There might be times this spring when Quentin Pruneau won't know where he would be without his mother -- literally.

There might be times this spring when Quentin Pruneau won't know where he would be without his mother -- literally.

The sophomore attends Metro High School near the Ohio State campus but is playing two sports for Whetstone. His mother, Andrea, serves as his personal assistant, as she has put together an activities chart to help him juggle his baseball and tennis schedules while maintaining time for schoolwork.

"My mom makes lamination charts showing what (games and matches I have)," Pruneau said. "My mom's the real hero in all of this."

This is Pruneau's first year playing both baseball and tennis at the varsity level. A year ago, he played second doubles for the varsity boys tennis team and split time between the freshman and junior varsity baseball teams.

Pruneau earned the spot at second singles this season and won his first match April 8, beating Beechcroft's Daniel Bishoff 6-1, 6-2. Two days later, he opted to make his first varsity start on the mound for the baseball team against Linden-McKinley instead of participating in a tennis match against Africentric on April 10, in large part because the Braves were expected to defeat the Nubians.

The tennis team beat Africentric 5-0 and was 3-1 overall and 2-0 in the City League before playing Northland on April 15.

Pruneau began the spring splitting time between the j.v. and varsity baseball teams but has had more playing time on varsity in the wake of seven players being suspended for breaking curfew while on a spring-break trip to Louisville, Ky., during the first week of April.

"(Pruneau) texted me (April 8) and said (baseball coach Tim Broskie) wants him to pitch (April 10)," tennis coach Bucky Walters said. "He looks like he's going to be pitching some for (the baseball team). I know his parents were willing to drive him back and forth from Kentucky to play in our tennis matches. He's a great guy and his family's great, too."

The tennis team has key league matches Monday, April 22, at Centennial and Wednesday, April 24, at home against Columbus West. Last season, Whetstone went 10-2 in the City League to tie Beechcroft and Centennial for second, behind West (12-0).

"We only have one senior (Tyler Weisent) that starts, but we do have five returning players," Walters said. "Three of them were first-year players last year, so we're not like a senior-laden team."

In addition to pitching, Pruneau is serving as the backup third baseman for the baseball team. He may have found a permanent varsity role in the bullpen based on his performance during the trip to Kentucky, Broskie said.

On April 10, Pruneau wasn't able to arrive at Whetstone until 3:30 p.m. because of a school activity at Metro. After getting in a quick warm-up, he and his teammates on the baseball team left for their City League-North Division game at Linden.

Pruneau pitched three innings against the Panthers and picked up the victory as Whetstone won 10-0. The Braves gave him plenty of offensive support, scoring six runs in the first inning and two each in the second and third innings.

According to Broskie, each of the seven players who were suspended must sit out five regular-season games. The Braves were 3-4 overall and 2-0 in the City-North before playing Northland on April 15.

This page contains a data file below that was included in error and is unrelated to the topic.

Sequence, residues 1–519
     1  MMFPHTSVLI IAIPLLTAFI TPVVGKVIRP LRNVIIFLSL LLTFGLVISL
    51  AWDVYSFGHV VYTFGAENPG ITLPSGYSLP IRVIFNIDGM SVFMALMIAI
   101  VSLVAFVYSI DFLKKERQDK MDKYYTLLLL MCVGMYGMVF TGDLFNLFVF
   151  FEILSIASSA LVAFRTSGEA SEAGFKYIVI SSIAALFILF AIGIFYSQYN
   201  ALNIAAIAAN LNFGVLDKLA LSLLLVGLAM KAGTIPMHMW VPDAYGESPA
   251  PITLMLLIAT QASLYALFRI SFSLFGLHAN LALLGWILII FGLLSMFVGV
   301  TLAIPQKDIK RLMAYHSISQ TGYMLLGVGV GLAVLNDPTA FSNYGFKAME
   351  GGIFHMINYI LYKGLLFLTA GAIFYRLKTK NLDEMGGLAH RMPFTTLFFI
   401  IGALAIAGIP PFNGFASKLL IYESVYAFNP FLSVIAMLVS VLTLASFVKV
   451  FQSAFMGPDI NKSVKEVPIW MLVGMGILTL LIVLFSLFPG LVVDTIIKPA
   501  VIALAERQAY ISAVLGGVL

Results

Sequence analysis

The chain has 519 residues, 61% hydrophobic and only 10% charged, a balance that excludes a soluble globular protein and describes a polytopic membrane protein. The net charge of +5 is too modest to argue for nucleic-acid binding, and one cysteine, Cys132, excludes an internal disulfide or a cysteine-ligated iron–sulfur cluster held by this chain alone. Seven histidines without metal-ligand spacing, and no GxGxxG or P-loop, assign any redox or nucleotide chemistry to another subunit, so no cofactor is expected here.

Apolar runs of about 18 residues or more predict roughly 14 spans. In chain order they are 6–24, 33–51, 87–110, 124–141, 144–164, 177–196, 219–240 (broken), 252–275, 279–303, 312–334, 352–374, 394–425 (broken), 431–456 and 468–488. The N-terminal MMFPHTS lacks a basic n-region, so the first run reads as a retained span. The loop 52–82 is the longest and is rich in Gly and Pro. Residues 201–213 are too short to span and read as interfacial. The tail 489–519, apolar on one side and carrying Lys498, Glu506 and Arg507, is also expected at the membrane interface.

"(Pruneau) is a really bright young man, and he did a good job in relief in Louisville," Broskie said. "He threw strikes and he had a nice, big RBI single for us in one of the games. He's also playing tennis this year. (His family is) very organized. They (do a) schedule that's color-coated.

"He's really good at tennis and, obviously, he'll be in the rotation for us next year. He's really good."

Pruneau is happy that he has the opportunity to play two sports in the same season.

"It's been a challenge," he said. "I've had my fair share of people say, 'Why don't you pick a sport already?,' but it's hard when you have two sports that you love. The distance between most of our tennis matches and baseball games is not more than 15 minutes, so after finishing a tennis match I'll get in the car immediately and go to the baseball game. With rainouts, I just try to keep in contact with the coaches.

"Starting (April 10), I don't have a school day for the next three weeks where I don't have a baseball game or a tennis match. It gets a little stressful, but we've found a way to manage. I did it last year so we're acclimated to it. It's fun."

Paige Jr., Kincaid

leading track team

Boys track and field coach Joe Monda is expecting his inexperienced team to improve as the season wears on.

Seniors Joel Paige Jr. (shot put, discus) and Kellen Kincaid (middle distance) led the way for the Braves in their first two meets. Juniors Darius Bester (sprints) and David Simmons (long jump) and senior Da'Mon Rosemond (sprints) also have been key contributors.

On April 10, the Braves scored 48 points to place behind Watterson (60) and ahead of Linden-McKinley (41) in a tri-meet as Paige Jr. won the shot put (42 feet) and discus (96-2), Kincaid won the 400 meters (56.1 seconds) and Bester won the 100 (11.1).

Whetstone finished 14th (3) in the 14-team Red Edwards Golden Eagle Relays on April 13 behind champion and host Big Walnut (91).

"We're very young and they're going to be some growing pains, but I'm excited about our prospects," Monda said. "They're eager and hopefully they'll keep growing. I know our distance (runners are) going to come along and there's real potential with the sprinters."

The girls team also competed in the Golden Eagle Relays, placing ninth (28) of 14 teams behind champion Big Walnut (92).